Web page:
Did you pack everything? Elton Lin@ flickr.com
That’s a wrap on Annual Conference. While we sadly did not end with a rousing rendition of “Kumbaya” or those elusive s’mores (really? No camp fires allowed at the hotel?) we did share plenty of inspiration. This was in spite of the tension and anxiety around what will transpire at General Conference in 2020 – or frankly what will happen on January 1, 2020 when all the new draconian rules are put into place. United Methodism is living, as Rev. Carlo Rapanut said during the Memorial Service, “in liminal space.”
But the work of the church continues! Hooray! And one of its tried and true traditions is the “change of appointments” coming on July 1. For those non-Methodists out there, clergy are “appointed” to be the pastor of a church on an annual basis by the Bishop. The Bishop (with assistance from her Cabinet) can move pastors as she discerns what is best for the congregation or the ministry setting. If you are moved, your new job with your new congregation usually starts on July 1.
Let’s pretend that you are a pastor heading off to your new congregation. You have a lot on your plate, lots of knowledge to take in. You also want to set your congregation up to be – or continue to be – joyfully generous.
What’s a pastor to do? Glad you asked.
1. Learn the founding story of your congregation. It’s easy (and natural) to look at what’s been happening in your new congregation during the last few years. However, your congregation most likely has a long history of mission and ministry. And that means generosity. Ask for any and all information about how and why your congregation was formed.
2. Tell them their founding story again. People love to be reminded that their roots are embedded in good things and all those years in ministry have meant something. Highlight that history of generosity in an early sermon.
3. Remind them that they are still generous. Your congregation is not some archaic throwback (though some may cynically say otherwise). Joyful generosity is still happening now (it is!) and more generosity is possible through the current mission and ministry of the church. Identify it and call it out.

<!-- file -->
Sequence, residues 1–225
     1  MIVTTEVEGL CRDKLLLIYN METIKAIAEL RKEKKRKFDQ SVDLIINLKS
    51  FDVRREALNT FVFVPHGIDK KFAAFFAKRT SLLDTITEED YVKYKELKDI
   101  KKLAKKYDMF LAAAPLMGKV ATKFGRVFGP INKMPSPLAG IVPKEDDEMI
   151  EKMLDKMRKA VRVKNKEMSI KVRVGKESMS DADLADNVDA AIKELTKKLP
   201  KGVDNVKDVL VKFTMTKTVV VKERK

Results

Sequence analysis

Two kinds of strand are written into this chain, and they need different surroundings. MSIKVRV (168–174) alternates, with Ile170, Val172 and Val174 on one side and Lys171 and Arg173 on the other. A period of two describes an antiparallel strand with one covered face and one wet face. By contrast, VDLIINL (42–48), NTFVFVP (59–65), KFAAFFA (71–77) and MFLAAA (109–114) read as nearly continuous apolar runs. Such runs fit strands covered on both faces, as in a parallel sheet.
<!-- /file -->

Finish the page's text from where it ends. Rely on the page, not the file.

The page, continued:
4. Ask for a breakdown of the annual giving of pledgers and donors. Initially, you may feel uncomfortable associating names with those donors. That’s OK. Leave out the names for now and get the information so you know what the donor pyramid (or whatever shape it takes) looks like for your church. It’s basic knowledge that can let you know what work might need to be done around stewardship.
5. Identify the top ten most generous people in your congregation. This does not necessarily mean the top ten monetary donors (remember the widow’s mite). Ask multiple people, “Who do you think are the most generous people in the congregation?”
6. Meet with the top ten people identified as being “most generous.” Get to know these people. Find out why they love the church and what makes them generous. They can help you help others be generous.
These are merely first steps as you start in your new ministry setting (did I say, congratulations?!). I’d also suggest reading a couple of good stewardship books to refresh yourself on good practices. Check out my two-part interview with J. Clif Christopher, author of Rich Church, Poor Church: Keys to Effective Financial Ministry.
Laity, you are not off the hook. You too have a responsibility to set your new pastor up for generosity success. But…that’s for next week. In the meantime, love on your current pastor showering him or her with gratitude for all the good work that has been accomplished and prayers for the journey ahead.
Pastors? Just for me…sing a round of “Kumbya” with your congregation and, if there’s no fire pit available, handout some chocolate bars and marshmallows for everyone to enjoy. Now, that’s the way to go out in style and be remembered.